Saturated Buffers

July 31, 2018

Managing water and protecting the environment: Professor provides local farmers with another tool to assist in water quality

by Hannah Erickson

CARBONDALE, Ill. — By 2050, an estimated 9 billion people will be dependent on the earth’s farms to feed them. But as the need increases, so do environmental challenges. That’s why researcher and professor, Jon Schoonover, is diligently working to provide local farmers with sustainable water quality practices.

Drainage from farms leach nutrients and pollute the environment

Nutrient and water quality management can be tricky for local farmers to navigate. Many agriculture fields in the Midwest sit adjacent to some form of ditch, stream, river or lake.

When the water level on the field rises and then flows off, many of the necessary nutrients are lost from the soil; and exported to waterways. Not only does this leach important nutrients from the soil, but it can also prove harmful for the environment.

In an effort to help with both problems, Schoonover, a professor in forestry at Southern Illinois University Carbondale, has spent several years testing the usefulness of saturated buffers. A buffer is an area of land covered in grass, trees, shrubs or other vegetation to slow and filter runoff from fields.

Saturated buffers help filter runoff, preserving nutrients

Many farms implement some form of tile drainage system. This management method reduces flooding and saturation on the fields by removing excess water from the soil. Tile drainage allows farmers to access their fields earlier in the spring and promotes more uniform crop germination and better growing conditions.

Schoonover’s research has focused on fields that are already drained by subsurface tiles.

“A normal tile drainage system has a main line that allows water to empty into a nearby ditch or stream,” Schoonover said. “A saturated buffer consists of a three-chambered control structure situated about 50-100 feet off of the stream edge that diverts the tile water to run parallel to the stream.”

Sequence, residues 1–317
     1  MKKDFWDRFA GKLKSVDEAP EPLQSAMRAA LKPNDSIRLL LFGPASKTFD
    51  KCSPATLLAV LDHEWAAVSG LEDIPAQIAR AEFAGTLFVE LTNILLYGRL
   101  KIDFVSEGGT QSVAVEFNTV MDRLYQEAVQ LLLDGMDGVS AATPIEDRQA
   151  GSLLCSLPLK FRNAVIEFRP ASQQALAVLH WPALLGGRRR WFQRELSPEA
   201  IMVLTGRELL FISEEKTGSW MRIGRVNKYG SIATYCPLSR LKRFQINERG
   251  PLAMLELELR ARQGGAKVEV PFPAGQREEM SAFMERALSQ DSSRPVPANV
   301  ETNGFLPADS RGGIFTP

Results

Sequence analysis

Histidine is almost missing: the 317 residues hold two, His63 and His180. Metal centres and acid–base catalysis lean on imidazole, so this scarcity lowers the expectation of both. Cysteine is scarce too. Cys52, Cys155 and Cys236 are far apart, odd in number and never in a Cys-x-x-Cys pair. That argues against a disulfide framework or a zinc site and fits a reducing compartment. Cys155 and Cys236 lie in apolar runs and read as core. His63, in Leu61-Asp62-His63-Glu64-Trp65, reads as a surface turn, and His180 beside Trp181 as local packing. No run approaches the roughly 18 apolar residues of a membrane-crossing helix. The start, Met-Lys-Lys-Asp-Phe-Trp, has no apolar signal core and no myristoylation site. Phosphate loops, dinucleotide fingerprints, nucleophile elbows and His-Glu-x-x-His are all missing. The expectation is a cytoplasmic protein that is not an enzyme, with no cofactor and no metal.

The water then runs 500 feet in both directions through the line, Schoonover explained. Being pushed out, the water soaks the adjacent buffer zone.

The goal of this system is to link a drainage outlet with a nearby buffer. The vegetated buffer naturally removes the nutrients from the water through plant uptake and/or denitrification and ultimately reduces the amount of nitrogen entering the waterways.

While this process has been tested in certain locations, Schoonover and his team are taking saturated buffers to the next level by examining how this system might work in a two-stage system.

By combining this technique with the common use of cover crops; the amount of nutriments entering nearby streams can be greatly decreased.

Helps farmers meet water quality standards

Schoonover’s system is built to provide local farmers with yet another method to add to their set of watershed management techniques.

“Our main goal with this research is to develop tools that farmers can use to address water quality on their farms,” Schoonover said.

Many Illinois farmers have become concerned about increased regulations regarding water quality standards. Schoonover believes the saturated buffer system could be an effective best management practice to reduce nutrient and sediment loss into waterways and show regulators that farmers are taking a proactive approach to limit nutrient loss.

Few other projects like this are currently in use on agricultural fields and Schoonover, and the forestry team at Southern Illinois University, are hoping their research helps to propel saturated buffers into different regions and provide local farmers with a management practice perfect for their unique situation.